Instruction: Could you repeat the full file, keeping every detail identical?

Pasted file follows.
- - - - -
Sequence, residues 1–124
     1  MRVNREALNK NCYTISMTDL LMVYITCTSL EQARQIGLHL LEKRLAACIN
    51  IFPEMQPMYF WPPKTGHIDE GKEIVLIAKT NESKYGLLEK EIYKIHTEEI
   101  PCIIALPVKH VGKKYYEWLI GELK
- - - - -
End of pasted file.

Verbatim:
Sequence, residues 1–124
     1  MRVNREALNK NCYTISMTDL LMVYITCTSL EQARQIGLHL LEKRLAACIN
    51  IFPEMQPMYF WPPKTGHIDE GKEIVLIAKT NESKYGLLEK EIYKIHTEEI
   101  PCIIALPVKH VGKKYYEWLI GELK